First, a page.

Prednisone (Deltasone) is prescribed for a patient with an acute exacerbation of rheumatoid arthritis. Which laboratory result will the nurse monitor to determine whether the medication has been effective?
a. Blood glucose test
b. Liver function tests
c. C-reactive protein level
d. Serum electrolyte levels
C-reactive protein is a marker for inflammation, and a decrease would indicate that the corticosteroid therapy was effective. Blood glucose and serum electrolyte levels also will be monitored to check for side effects of prednisone. Liver function is not routinely monitored for patients receiving steroids.
When teaching a patient who has rheumatoid arthritis (RA) about how to manage activities of daily living, the nurse instructs the patient to
a. stand rather than sit when performing household chores.
b. avoid activities that require continuous use of the same muscles.
c. strengthen small hand muscles by wringing sponges or washcloths.
d. protect the knee joints by sleeping with a small pillow under the knees.
Patients are advised to avoid repetitious movements. Sitting during household chores is recommended to decrease stress on joints. Wringing water out of sponges would increase the joint stress. Patients are encouraged to position joints in the extended position, and sleeping with a pillow behind the knees would decrease the ability of the knee to extend and also decrease knee range of motion (ROM).
When helping a patient with rheumatoid arthritis (RA) plan a daily routine, the nurse informs the patient that it is most helpful to start the day with
a. a warm bath followed by a short rest.
b. a short routine of isometric exercises.
c. active range-of-motion (ROM) exercises.
d. stretching exercises to relieve joint stiffness.
Taking a warm shower or bath is recommended to relieve joint stiffness, which is worse in the morning. Isometric exercises would place stress on joints and would not be recommended. Stretching and ROM should be done later in the day, when joint stiffness is decreased.
Anakinra (Kineret) is prescribed for a patient who has rheumatoid arthritis (RA). When teaching the patient about this drug, the nurse will include information about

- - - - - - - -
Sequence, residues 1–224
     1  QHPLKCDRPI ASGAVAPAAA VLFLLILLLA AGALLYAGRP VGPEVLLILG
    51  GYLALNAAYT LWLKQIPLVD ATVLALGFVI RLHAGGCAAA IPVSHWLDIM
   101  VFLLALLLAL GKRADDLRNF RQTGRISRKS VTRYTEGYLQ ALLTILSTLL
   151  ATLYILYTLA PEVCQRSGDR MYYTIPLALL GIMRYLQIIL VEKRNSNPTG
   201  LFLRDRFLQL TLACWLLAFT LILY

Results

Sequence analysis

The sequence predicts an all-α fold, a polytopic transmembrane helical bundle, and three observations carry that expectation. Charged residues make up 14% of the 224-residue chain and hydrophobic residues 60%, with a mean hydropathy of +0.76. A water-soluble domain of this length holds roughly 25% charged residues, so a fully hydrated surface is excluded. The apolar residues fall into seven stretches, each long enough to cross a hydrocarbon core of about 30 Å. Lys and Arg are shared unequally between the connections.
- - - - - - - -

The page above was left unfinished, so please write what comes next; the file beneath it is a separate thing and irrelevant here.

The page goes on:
a. self-administration of subcutaneous injections.
b. taking the medication with at least 8 oz of fluid.
c. avoiding concurrently taking aspirin or nonsteroidal antiinflammatory drugs (NSAIDs).
d. symptoms of gastrointestinal (GI) irritation or bleeding.
Anakinra is administered by subcutaneous injection. GI bleeding is not a side effect of this medication. Because the medication is injected, instructions to take it with 8 oz of fluid would not be appropriate. The patient is likely to be concurrently taking aspirin or NSAIDs, and these should not be discontinued.
A 35-year-old patient with three school-age children who has recently been diagnosed with rheumatoid arthritis (RA) tells the nurse that the inability to be involved in many family activities is causing stress at home. Which response by the nurse is most appropriate?
a. "You may need to see a family therapist for some help."
b. "Tell me more about the situations that are causing stress."
c. "Perhaps it would be helpful for you and your family to get involved in a support group."
d. "Your family may need some help to understand the impact of your rheumatoid arthritis."
The initial action by the nurse should be further assessment. The other three responses might be appropriate based on the information the nurse obtains with further assessment.
Which information will the nurse include when teaching a patient with newly diagnosed ankylosing spondylitis (AS) about the management of the condition?
a. Exercise by taking long walks.
b. Do daily deep breathing exercises.
c. Sleep on the side with hips flexed.
d. Take frequent naps during the day.
Deep breathing exercises are used to decrease the risk for pulmonary complications that may occur with the reduced chest expansion that can occur with ankylosing spondylitis (AS). Patients should sleep on the back and avoid flexed positions. Prolonged standing and walking should be avoided. There is no need for frequent naps.
A 22-year-old patient hospitalized with a fever and red, hot, and painful knees is suspected of having septic arthritis. Information obtained during the nursing history that indicates a risk factor for septic arthritis is that the patient
a. has a parent who has reactive arthritis.
b. is sexually active and has multiple partners.
c. recently returned from a trip to South America.
d. had several sports-related knee injuries as a teenager.
Neisseria gonorrhoeae is the most common cause for septic arthritis in sexually active young adults. The other information does not point to any risk for septic arthritis.
While working at a summer camp, the nurse notices a circular lesion with a red border and clear center on the arm of a patient who is in the camp clinic complaining of chills and muscle aches. Which action should the nurse take next?
a. Palpate the abdomen.
b. Auscultate the heart sounds.
c. Ask the patient about recent outdoor activities.
d. Question the patient about immunization history.